Fourteen state attorneys general filed a brief last week urging the U.S. District Court for the District of Columbia to keep the Dakota Access crude oil pipeline operational while it undergoes additional environmental review. The AGs argue closing the pipeline, which has safely transported more than 500,000 barrels of oil per day from North Dakota to southern Illinois for nearly three years, would have significant environmental, economic, food supply, and safety ramifications. The coalition, led by Indiana Attorney General Curtis Hill, included AGs from Montana, Alabama, Arkansas, Iowa, Kansas, Kentucky, Louisiana, Nebraska, Ohio, South Dakota, Texas, Utah and West Virginia.
The brief comes as activists have called for the pipeline to be shuttered after a federal judge in March ordered the U.S. Army Corps of Engineers to perform further environmental review on the project, despite having already completed a rigorous, multi-year permitting process, with the environmental assessment (EA) resulting in a “Finding of No Significant Impact” (FONSI).
Below is a statement that can be attributed to me, Craig Stevens, spokesman for the GAIN Coalition:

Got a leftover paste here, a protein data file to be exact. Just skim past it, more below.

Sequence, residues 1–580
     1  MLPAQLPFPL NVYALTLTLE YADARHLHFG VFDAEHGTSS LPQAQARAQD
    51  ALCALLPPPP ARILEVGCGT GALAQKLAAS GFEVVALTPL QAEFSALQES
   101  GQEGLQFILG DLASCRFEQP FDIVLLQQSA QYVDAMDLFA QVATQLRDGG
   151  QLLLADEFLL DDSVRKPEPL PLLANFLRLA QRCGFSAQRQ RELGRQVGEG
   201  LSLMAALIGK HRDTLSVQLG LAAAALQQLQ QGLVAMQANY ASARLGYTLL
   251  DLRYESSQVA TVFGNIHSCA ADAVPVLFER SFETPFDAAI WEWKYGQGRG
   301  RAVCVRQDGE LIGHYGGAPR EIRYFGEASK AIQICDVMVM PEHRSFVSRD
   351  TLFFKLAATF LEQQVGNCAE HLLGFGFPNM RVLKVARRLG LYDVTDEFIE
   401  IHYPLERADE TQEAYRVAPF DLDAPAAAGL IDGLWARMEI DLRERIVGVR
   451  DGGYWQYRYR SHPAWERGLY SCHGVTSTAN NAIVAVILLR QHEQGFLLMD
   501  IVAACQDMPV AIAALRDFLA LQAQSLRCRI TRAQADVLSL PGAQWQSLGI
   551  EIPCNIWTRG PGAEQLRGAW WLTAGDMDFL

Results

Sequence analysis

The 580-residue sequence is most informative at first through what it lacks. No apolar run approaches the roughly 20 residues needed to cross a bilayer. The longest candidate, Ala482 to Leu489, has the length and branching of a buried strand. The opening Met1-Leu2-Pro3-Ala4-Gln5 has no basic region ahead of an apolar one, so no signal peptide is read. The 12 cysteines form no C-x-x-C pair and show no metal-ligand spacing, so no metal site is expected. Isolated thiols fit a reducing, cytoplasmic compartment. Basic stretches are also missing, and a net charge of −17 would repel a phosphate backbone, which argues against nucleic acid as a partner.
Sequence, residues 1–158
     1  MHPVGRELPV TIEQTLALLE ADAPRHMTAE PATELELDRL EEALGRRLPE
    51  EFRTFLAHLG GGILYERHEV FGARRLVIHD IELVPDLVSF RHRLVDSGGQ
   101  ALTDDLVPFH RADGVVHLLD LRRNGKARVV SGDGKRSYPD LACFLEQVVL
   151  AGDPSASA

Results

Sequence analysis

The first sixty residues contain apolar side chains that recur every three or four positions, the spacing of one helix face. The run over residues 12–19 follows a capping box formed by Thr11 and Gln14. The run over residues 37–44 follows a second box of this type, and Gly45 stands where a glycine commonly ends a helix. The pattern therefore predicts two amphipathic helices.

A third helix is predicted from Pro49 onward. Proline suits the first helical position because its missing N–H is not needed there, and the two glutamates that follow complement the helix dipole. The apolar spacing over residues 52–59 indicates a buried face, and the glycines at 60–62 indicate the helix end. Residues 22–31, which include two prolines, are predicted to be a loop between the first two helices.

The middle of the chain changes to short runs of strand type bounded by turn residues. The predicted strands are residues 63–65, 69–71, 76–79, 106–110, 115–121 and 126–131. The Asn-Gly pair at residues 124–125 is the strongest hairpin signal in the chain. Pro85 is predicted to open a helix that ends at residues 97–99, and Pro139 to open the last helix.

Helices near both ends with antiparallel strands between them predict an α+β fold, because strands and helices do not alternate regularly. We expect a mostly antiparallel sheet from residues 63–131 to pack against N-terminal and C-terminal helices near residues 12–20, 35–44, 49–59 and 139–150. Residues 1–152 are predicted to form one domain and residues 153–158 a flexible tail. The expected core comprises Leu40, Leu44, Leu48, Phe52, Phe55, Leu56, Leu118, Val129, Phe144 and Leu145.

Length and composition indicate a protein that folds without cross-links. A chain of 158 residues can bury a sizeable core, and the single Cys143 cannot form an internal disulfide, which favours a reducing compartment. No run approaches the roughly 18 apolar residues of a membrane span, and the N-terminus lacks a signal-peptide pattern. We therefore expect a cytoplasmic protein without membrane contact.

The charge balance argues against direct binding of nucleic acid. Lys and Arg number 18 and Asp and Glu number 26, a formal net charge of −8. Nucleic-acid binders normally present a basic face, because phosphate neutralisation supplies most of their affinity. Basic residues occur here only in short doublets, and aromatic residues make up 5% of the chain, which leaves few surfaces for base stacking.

“The GAIN Coalition applauds the fourteen state attorneys general for expressing their support for the continued operation of the Dakota Access Pipeline. DAPL is a critical component of our nation’s energy infrastructure network, providing safe and efficient transport for more than half a million barrels of American oil per day. In addition to the economic, safety, and environmental benefits, the continued safe operation of DAPL bolsters both our national and energy security at a time when we need it most. The recent oil war between Saudi Arabia and Russia, in addition to the ongoing global pandemic, have served as timely reminders as to the importance of a strong American energy industry and reducing reliance on foreign energy sources.
“Further, the American energy industry has played an essential role in powering the economy through the COVID-19 crisis – fueling supply chain networks, keeping the lights on at hospitals across the nation, and continuing to produce the components required to manufacture personal protective equipment like masks, face shields, and other medical supplies.”